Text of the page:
III. DISCUSSION

Cloud Farm's Third Amended Complaint alleges, in pertinent part:

13. Since at least August 2, 1999, VW has had actual knowledge of Cloud Farm Associates' 354 Patent. (See Exhibit E.)
14. VW's infringement of the 354 Patent has been and continues to be willful and deliberate.

(D.I. 165) Exhibit E, attached to the Third Amended Complaint, is an August 2, 1999 letter sent by Herbert M. Wolfson, Cloud Farm's patent attorney at the time, to Rolls-Royce. ( Id. ) The subject line of the letter is "Re: U.S. Patent 5, 437, 354." ( Id. ) The letter copies VW - which the letter indicates distributed the accused products in the United States - and urges that the recipient "consider the necessity for a license under the subject patent." ( Id. )

The Court has already addressed the sufficiency of Cloud Farm's pleading. VW opposed Cloud Farm's motion to amend to add this very claim of willful infringement of the 354 patent, arguing that the claim was "futile because it would not survive a motion to dismiss under Fed.R.Civ.P. 12(b)(6)." (D.I. 69 at 7) The Court considered and rejected this argument, noting that the amended complaint alleged that VW had knowledge of the 354 patent and that VW's continued infringement was willful and deliberate. (D.I. 161 at 5-6) The Court concluded that the allegations of the proposed amended complaint would be "sufficient to plead a claim for willful infringement." ( Id. at 6)

VW provides no reason for the Court to reconsider this conclusion. In granting the motion to amend, the Court already considered In re Seagate Tech., LLC, 497 F.3d 1360 (Fed. Cir. 2007). ( See D.I. 161 at 6 n.4) The Court recognizes that district courts are not in complete agreement as to the impact of Seagate on pleading - as opposed to proving - willful infringement. Compare, e.g., Sony Corp. v. LG Elecs. USA., Inc., 768 F.Supp.2d 1058, 1063-64 (C.D. Cal. 2011) (noting that Seagate's standard of proving willfulness is inapposite at pleading stage); Oracle Corp. v. DrugLogic, Inc., 807 F.Supp.2d 885, 902-03 (N.D. Cal. 2011) (holding that Seagate's requirements apply to proving, not pleading, willfulness); MobileMedia Ideas LLC v. HTC Corp., 2011 WL 4347037, at *2 (E.D. Tex. Sept. 15, 2011) (stating that meeting objectively reckless prong of Seagate is better suited for summary judgment); Milwaukee Elec. Tool Corp. v. Hitachi Koki, Ltd., 2011 WL 665439, at *3 (E.D. Wis. Feb. 14, 2011) (noting that Seagate is not controlling of pleadings); Rambus, Inc. v. Nvidia Corp., 2008 WL 4911165, at *2 (N.D. Cal. Nov. 13, 2008) (stating that what is necessary to prove willfulness presents separate question from what is necessary to plead willfulness), with, e.g., Ip Venture Inc. v. Lenovo Grp. Ltd., 2013 WL 126276, at *2-3 (D. Del. Jan. 8, 2013;) (dismissing willfulness claim based on insufficient allegations that defendant acted despite objectively high likelihood of infringement and that defendant knew or should have known of its infringement); Chalumeau Power Sys. LLC v. Alcatel-Lucent, 2012 WL 6968938, at *2 (D. Del. July 18, 2012) (same); MONEC Holding AG v. Motorola Mobility, Inc., 897 F.Supp.2d 225, 236 (D. Del. 2012) ("MONEC's failure to sufficiently plead that Defendants had any reason to know of the [patent] is also fatal to its claim for willful infringement.") (Fallon, M.J.), adopted by Order dated Sept. 20, 2012 ( see D.I. 179 Ex. A). VW's motion, which merely repackages its opposition to the earlier motion to amend, presents neither an appropriate nor necessary occasion to delve further into these potentially competing lines of authority.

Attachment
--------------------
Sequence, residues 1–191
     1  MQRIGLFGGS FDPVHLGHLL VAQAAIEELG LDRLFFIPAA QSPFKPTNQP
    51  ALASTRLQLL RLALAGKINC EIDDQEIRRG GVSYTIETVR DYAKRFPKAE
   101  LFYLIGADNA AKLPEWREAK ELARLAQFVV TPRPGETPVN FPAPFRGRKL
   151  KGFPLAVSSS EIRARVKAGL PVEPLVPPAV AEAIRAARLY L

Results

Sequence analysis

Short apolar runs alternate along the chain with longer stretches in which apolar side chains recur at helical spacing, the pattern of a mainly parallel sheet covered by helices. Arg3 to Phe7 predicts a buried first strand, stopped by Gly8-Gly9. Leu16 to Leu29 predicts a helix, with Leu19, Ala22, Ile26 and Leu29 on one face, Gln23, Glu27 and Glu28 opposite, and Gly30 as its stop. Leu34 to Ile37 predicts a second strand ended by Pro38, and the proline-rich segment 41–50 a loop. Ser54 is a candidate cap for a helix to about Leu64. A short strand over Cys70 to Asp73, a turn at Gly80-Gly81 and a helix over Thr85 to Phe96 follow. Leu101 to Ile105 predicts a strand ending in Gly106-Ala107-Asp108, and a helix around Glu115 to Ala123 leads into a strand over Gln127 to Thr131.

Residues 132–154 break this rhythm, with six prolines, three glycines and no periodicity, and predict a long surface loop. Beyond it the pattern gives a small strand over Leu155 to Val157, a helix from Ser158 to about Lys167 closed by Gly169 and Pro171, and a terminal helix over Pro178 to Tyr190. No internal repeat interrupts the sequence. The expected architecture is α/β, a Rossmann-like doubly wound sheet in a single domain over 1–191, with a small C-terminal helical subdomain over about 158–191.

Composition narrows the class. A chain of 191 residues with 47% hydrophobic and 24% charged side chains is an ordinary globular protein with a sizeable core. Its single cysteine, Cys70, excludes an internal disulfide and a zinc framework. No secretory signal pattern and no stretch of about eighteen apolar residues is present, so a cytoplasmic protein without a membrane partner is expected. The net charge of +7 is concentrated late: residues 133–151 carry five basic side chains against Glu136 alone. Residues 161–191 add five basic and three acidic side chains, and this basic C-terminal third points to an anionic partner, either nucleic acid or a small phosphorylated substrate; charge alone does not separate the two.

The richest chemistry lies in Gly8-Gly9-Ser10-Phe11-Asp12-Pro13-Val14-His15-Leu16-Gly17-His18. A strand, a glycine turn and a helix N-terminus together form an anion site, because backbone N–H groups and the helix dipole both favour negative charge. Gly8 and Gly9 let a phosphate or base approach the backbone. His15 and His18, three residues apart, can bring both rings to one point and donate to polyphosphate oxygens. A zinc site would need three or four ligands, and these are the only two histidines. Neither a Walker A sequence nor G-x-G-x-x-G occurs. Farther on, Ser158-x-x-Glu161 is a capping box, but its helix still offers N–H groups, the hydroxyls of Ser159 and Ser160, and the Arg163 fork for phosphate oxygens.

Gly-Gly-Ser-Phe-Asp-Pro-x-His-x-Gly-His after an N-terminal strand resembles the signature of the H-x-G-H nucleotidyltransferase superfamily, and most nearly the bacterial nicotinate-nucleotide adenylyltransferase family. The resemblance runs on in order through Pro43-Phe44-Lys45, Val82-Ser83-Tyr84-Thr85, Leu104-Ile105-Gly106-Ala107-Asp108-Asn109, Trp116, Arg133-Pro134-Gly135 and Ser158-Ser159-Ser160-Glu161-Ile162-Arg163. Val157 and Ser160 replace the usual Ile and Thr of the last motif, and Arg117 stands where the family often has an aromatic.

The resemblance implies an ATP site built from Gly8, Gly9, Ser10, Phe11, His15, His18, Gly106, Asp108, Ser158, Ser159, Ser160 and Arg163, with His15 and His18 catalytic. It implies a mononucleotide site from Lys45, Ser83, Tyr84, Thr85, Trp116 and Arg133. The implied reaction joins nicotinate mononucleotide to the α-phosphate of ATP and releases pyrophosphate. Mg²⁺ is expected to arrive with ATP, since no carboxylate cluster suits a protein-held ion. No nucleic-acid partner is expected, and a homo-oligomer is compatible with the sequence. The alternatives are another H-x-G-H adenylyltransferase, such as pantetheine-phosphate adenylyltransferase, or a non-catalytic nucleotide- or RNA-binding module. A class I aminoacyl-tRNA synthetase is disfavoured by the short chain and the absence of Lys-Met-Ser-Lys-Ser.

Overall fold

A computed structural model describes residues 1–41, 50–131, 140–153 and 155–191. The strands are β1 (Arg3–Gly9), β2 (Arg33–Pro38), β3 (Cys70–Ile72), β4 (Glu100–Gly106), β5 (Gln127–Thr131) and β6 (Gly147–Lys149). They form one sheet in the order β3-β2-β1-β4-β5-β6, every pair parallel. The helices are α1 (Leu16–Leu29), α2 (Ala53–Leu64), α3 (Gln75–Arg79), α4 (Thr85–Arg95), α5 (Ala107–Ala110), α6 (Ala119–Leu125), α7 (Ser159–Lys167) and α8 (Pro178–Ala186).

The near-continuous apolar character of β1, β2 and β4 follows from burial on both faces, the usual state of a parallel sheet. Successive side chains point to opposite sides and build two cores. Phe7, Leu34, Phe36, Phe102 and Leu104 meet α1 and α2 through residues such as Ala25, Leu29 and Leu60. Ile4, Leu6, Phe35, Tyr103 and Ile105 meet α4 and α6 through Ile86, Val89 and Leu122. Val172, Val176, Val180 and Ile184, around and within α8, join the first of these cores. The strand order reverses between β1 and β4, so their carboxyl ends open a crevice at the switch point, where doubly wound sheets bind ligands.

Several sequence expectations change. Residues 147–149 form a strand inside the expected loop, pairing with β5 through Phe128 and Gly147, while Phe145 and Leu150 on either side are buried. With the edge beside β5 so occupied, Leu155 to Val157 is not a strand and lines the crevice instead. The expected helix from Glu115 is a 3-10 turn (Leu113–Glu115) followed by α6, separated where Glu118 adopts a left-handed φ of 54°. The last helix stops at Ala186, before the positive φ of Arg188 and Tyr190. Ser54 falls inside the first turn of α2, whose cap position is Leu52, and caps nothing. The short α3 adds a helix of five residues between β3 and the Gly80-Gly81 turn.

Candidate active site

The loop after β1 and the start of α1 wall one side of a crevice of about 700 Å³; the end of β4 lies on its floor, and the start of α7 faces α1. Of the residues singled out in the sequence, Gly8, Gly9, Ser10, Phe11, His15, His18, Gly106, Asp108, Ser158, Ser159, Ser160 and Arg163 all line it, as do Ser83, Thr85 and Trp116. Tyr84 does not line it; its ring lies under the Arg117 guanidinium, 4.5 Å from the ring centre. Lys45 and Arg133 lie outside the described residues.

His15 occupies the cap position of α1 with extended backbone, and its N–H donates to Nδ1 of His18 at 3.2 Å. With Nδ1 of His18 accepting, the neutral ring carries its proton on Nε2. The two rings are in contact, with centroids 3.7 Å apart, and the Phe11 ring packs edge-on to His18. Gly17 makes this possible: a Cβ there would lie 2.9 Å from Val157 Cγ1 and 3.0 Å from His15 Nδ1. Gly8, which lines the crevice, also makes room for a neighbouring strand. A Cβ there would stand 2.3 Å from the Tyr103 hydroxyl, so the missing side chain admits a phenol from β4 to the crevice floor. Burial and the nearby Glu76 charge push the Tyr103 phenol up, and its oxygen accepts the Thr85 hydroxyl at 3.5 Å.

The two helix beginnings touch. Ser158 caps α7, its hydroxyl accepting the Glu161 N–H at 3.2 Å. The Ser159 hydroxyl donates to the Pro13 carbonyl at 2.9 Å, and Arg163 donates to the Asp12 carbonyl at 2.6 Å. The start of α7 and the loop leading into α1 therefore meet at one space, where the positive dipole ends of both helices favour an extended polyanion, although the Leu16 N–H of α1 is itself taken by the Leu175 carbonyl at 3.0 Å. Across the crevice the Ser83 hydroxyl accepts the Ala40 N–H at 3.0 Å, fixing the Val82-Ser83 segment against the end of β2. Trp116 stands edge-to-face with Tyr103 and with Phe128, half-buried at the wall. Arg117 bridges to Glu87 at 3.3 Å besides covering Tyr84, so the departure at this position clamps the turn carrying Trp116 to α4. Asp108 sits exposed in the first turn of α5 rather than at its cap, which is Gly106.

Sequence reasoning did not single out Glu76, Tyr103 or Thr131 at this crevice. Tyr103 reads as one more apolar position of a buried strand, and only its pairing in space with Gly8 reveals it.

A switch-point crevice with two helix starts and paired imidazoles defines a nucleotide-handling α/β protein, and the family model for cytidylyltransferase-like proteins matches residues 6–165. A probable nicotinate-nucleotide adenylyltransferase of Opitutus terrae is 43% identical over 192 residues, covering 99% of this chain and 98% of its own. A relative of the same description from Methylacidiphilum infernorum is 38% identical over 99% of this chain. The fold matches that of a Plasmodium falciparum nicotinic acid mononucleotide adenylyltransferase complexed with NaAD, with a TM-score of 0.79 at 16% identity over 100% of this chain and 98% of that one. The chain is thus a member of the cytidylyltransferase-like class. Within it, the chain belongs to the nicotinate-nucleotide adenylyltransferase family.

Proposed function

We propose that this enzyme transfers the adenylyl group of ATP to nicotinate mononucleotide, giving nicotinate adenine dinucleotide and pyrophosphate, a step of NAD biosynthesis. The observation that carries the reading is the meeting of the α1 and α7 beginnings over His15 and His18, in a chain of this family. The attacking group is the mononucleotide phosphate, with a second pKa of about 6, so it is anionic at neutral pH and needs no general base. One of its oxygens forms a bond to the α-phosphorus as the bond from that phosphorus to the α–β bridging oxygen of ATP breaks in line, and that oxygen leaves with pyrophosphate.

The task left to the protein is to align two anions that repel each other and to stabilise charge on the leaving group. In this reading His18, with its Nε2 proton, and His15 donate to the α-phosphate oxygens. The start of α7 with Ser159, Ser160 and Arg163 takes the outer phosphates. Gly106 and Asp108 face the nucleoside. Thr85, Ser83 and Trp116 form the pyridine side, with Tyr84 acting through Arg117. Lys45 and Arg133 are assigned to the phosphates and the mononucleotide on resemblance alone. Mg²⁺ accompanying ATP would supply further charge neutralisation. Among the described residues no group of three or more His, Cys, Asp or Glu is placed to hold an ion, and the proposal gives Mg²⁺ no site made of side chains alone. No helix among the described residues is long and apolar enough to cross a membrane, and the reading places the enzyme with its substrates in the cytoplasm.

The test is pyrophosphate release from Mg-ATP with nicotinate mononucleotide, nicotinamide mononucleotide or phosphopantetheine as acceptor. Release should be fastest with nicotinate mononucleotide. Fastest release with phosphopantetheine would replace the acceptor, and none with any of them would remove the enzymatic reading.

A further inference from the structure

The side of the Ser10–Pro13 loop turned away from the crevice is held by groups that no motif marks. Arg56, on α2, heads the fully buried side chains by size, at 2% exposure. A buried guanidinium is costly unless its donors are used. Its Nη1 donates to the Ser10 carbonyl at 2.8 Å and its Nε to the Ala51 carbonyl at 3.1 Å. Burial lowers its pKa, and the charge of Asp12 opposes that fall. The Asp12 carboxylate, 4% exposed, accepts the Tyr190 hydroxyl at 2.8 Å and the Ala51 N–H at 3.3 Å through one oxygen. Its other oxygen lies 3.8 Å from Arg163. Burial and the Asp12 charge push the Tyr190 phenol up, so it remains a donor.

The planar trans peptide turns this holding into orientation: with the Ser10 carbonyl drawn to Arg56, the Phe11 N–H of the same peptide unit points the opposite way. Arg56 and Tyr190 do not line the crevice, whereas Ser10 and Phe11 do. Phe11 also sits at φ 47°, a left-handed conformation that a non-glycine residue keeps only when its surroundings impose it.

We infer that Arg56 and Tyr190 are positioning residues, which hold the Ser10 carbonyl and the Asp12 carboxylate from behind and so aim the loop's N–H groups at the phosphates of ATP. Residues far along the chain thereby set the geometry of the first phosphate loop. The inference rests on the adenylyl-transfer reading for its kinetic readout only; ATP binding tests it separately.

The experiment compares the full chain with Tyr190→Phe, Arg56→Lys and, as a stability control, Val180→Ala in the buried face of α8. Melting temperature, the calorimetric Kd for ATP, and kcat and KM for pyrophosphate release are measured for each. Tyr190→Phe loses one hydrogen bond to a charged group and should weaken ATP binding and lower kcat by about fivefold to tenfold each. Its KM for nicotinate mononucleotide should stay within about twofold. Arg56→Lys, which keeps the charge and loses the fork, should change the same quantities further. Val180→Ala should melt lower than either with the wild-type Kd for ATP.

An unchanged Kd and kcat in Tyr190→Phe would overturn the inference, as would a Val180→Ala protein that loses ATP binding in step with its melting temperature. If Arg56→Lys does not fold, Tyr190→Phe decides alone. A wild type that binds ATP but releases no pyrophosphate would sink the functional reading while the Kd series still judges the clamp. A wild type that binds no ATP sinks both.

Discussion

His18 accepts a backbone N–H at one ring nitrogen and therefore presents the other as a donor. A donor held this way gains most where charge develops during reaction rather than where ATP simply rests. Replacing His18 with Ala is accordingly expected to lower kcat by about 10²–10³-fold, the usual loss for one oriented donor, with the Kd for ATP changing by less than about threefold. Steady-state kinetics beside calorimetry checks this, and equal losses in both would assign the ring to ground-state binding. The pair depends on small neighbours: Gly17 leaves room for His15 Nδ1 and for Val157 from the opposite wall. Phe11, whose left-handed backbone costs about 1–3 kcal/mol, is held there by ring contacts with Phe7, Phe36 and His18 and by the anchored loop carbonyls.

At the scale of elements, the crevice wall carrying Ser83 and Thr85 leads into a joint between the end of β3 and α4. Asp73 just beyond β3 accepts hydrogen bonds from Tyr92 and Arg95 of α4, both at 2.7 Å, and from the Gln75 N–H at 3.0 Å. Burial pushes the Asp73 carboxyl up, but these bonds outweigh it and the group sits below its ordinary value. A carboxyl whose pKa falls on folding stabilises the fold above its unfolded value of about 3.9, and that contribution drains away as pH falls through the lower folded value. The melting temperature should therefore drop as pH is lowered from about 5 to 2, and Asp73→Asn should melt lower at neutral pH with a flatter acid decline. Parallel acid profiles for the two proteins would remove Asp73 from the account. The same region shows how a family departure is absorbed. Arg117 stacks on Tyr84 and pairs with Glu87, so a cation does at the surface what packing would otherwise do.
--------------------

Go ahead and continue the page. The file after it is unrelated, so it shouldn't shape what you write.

Accordingly, and consistent with the Court's prior ruling, the Court finds that Cloud

Farm's complaint is sufficient to plead a claim for willful infringement.

IV. CONCLUSION

For the reasons given above, the Court will deny VW's motion to dismiss. An appropriate Order follows.